2017 年 69 巻 p. 87-98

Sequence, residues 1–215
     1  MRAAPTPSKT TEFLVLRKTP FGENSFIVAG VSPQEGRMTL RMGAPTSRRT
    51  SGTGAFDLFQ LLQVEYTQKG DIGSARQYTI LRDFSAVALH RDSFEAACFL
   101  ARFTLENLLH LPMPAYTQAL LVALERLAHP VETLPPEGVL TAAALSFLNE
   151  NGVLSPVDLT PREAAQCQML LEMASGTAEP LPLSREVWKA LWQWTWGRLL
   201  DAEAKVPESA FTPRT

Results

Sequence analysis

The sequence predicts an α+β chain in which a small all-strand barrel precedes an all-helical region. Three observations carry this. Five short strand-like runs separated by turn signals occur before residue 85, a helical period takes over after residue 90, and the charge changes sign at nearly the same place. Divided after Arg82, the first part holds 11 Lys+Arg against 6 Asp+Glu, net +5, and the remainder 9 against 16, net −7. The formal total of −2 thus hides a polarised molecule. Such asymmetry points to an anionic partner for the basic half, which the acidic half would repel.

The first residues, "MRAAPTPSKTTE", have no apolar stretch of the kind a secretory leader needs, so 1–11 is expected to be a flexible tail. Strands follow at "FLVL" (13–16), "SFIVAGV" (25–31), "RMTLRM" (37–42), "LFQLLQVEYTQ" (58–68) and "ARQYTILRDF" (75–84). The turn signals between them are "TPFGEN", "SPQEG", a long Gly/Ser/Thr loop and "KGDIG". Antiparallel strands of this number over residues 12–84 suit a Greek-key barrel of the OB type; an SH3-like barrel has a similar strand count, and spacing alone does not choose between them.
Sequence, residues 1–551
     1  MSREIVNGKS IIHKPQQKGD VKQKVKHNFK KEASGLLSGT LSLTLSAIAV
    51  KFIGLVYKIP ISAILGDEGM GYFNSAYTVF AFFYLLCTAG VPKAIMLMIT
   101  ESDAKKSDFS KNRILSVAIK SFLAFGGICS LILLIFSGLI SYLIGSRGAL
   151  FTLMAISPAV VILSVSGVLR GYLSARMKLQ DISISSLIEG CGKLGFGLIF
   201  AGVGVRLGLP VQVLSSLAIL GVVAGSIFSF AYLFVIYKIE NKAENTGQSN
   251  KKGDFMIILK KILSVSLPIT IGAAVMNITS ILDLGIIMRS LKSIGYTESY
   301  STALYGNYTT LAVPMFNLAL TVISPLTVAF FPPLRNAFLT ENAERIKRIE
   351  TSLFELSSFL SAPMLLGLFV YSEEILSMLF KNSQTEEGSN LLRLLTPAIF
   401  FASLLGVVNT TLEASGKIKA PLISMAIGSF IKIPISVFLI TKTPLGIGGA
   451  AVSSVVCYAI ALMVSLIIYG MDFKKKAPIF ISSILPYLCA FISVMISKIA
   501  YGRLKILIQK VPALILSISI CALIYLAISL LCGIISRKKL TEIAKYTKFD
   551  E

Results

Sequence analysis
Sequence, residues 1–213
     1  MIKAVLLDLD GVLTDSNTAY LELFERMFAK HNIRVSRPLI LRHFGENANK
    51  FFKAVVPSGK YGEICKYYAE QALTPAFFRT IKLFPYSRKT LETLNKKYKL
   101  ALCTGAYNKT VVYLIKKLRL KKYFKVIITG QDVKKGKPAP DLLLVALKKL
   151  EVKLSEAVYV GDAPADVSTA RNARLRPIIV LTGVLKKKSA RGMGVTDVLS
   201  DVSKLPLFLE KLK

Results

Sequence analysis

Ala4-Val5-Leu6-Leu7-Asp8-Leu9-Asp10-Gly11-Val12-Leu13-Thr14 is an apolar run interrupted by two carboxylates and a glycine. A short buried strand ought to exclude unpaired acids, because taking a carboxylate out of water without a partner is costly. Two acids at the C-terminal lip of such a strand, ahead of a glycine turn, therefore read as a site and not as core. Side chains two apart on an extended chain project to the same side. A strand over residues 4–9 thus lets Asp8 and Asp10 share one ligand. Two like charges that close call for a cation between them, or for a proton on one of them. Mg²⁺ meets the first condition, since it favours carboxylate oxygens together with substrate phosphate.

The Ecuador-Colombia earthquake that occurred on 31 January 1906 has been considered as one of the largest thrust-fault earthquakes, with magnitudes of Mt 8.7 and Mw 8.8, and the largest event ever recorded in the subduction zone off the Ecuador-Colombia region. The value of Mt 8.7 was derived mainly by the tsunami height data in Hilo, Hawaii where the tsunami was reported as high as 12 feet (3.6 m) on a local newspaper. The earthquake was followed by three large earthquakes in 1942 (Ms 7.9), 1958 (Ms 7.8) and 1979 (Ms 7.7) in the same area. We reexamined tsunami records of the 1906 earthquake from the newspaper articles in Hawaii, wave heights in tsunami catalogues, and tidal gauge records in Japan. Ratios of tsunami heights of Hilo to Kahului, both in the Hawaii Islands, are in a same order for all the tsunamis generated by earthquakes in the western coast of South America since 1920’s. This contradicts with the 1906 values of 3.6 m in Hilo and 30 cm in Kahului. We re-evaluated the tsunami magnitude Mt of the 1906 earthquake to be much less than 8.7. Next, we compared synthetic tsunamis of three fault models (Mw 8.5, 8.6 and 8.8) with the observed tsunami heights at several stations. The model of Mw 8.5 was found to be most appropriate. These results are consistent with the long-period seismic magnitude (Mw smaller than 8.5) because of the lack of major arc wave (G2) in the record of Uppsala, Sweden. The previous seismic estimation of Mw 8.8 may be due to the over-estimation of its fault extent, judging from nearby coastal uplift records, which would include after-slips and/or slow slips near its source region.